She is in a sorority, has a serious boyfriend and feels overwhelmed with school at times. Claiming time management as one of her biggest struggles with college, Annie Donnellon sounds like a typical 23-year-old student who may have caught a bit of the senioritis bug.
But Donnellon has one extra challenge that sets her apart from ‘typical.’ She has been blind since birth.
The youngest of four children, Donnellon is a Music major at Northern Kentucky University, with an emphasis in voice. Once she graduates in May, Annie hopes to pursue her dream with music.’ Her interest in music has been with her since she was 4 years old, when she began listening to Broadway musicals. She started taking voice lessons when she was only 13 years old. Her voice has been compared anywhere from a Disney princess’ voice to Welsh singer Charlotte Church.’ She disagrees.
‘I don’t think I sound like anyone in particular, I think everyone has their own unique style,’ she said.
She chose NKU for the family-type atmosphere, among other things.’ ‘I was very impressed with what NKU had to offer with academics and even social involvement,’ she said.’ She has proven that by taking part in many extracurricular activities throughout her five years here.
Donnellon is a member of Delta Gamma, a sorority on campus.’ Delta Gamma holds the highest GPA of sororities at NKU. Donnellon is one of the members on the Dean’s list. Delta Gamma also participates in a philanthropy called ‘Service for Sight,’ one that holds personal meaning for Donnellon.
Brittany Hall, Donnellon’s ‘little’ (sister) in the sorority, credits her for giving much of her time to Delta Gamma’s philanthropy. ‘Since our philanthropy is ‘Service for Sight,’ Annie has been a huge asset to Delta Gamma. She has been directly influenced by all the great things the Cincinnati Association for the Blind and Visually Impaired has to offer and will do anything she can to give back. She completed 28 service hours for Delta Gamma this past summer and semester alone,’ Hall said.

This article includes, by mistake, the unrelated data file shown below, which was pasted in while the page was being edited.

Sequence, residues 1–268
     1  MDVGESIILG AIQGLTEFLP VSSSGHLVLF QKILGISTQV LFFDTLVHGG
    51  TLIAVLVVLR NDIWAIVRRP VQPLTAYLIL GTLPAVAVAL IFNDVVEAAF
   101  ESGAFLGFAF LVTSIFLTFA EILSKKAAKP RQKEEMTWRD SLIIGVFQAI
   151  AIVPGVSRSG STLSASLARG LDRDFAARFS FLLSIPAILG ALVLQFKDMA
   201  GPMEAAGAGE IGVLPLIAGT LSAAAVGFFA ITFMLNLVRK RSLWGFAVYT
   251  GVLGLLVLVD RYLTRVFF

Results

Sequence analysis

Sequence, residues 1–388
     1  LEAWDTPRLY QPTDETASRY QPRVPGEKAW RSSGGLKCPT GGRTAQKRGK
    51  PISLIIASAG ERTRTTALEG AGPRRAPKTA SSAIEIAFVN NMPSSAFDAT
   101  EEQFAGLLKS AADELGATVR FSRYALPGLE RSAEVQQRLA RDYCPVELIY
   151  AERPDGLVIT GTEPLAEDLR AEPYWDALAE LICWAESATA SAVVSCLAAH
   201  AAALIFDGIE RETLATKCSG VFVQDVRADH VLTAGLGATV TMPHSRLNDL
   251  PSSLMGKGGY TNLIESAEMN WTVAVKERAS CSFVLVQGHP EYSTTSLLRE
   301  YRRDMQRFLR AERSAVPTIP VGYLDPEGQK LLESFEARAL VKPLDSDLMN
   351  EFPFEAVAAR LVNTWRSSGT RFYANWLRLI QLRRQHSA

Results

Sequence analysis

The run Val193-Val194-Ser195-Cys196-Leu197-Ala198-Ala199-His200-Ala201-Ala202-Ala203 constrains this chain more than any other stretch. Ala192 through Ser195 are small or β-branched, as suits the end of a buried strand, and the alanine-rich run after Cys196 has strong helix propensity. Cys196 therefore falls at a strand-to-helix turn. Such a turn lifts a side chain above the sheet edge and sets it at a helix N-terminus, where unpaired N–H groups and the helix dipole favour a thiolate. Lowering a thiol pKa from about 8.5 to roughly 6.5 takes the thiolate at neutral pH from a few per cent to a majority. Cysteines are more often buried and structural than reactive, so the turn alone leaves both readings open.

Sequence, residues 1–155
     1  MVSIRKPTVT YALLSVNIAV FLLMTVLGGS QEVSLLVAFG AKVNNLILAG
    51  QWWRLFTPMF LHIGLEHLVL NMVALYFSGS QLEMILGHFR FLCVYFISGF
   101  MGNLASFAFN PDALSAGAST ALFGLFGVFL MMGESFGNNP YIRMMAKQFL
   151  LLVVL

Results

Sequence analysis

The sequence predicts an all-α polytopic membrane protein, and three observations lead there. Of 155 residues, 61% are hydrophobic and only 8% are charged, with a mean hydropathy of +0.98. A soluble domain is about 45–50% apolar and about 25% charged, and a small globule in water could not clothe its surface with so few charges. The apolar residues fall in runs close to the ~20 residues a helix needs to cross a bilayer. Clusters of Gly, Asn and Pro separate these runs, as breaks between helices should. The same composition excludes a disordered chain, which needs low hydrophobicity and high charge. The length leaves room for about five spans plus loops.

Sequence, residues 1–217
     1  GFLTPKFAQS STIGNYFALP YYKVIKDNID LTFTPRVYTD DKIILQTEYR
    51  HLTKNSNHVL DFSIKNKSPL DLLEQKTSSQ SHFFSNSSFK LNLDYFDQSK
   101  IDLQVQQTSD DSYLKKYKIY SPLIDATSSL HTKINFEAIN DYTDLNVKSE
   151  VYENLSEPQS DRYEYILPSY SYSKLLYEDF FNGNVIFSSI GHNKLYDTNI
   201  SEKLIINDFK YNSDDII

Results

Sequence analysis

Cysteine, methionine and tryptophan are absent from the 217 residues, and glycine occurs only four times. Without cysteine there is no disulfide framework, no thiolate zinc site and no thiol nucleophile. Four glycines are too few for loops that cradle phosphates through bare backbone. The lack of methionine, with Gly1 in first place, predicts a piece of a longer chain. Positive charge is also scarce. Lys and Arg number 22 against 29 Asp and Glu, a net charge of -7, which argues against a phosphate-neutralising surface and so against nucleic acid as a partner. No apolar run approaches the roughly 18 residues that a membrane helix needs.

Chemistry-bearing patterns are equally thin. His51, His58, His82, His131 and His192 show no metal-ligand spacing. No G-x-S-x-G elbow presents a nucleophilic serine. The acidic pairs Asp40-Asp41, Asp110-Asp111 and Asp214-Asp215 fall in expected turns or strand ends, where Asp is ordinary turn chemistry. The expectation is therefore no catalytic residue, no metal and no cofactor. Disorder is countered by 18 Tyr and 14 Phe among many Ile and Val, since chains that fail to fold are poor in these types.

She has also made some great friends, ‘I’m very impressed with all the women that I have met. They are very upstanding ladies,’ she said.
‘Before I met Annie I had never met anyone who was blind or visually impaired,’ Hall said. ‘But Annie didn’t waste one minute sharing her story with me so that I could learn how to help her. In the process, she taught me to help myself as well.’
She wants people to understand that her disability is just that, a disability.’ She can do almost everything that anyone else can. ‘I am an individual. Each blind person does everything differently,’ she said.’ ‘When it comes to helping the blind, ask. Don’t assume.’
‘I was always under the impression that someone who was blind or visually impaired needed special treatment, and Annie will be the first one to tell you she is no different from you,’ Hall said.
‘My college experience has actually gone beyond the educational aspect,” Donnellon said. She has proven wrong everyone who told her she wouldn’t make it through college.’ ‘It has taught me to become more humble and be grateful for the things I have,’ she said.
As if approaching graduation isn’t hard enough, Donnellon is able to keep a straight head on her shoulders and focus on the goal. ‘Do your best to keep your spirits up, which I’ve found is easier said than done. But don’t give up too soon. Self- advocate as much as possible. If something is wearing you down, do your best to stay positive.’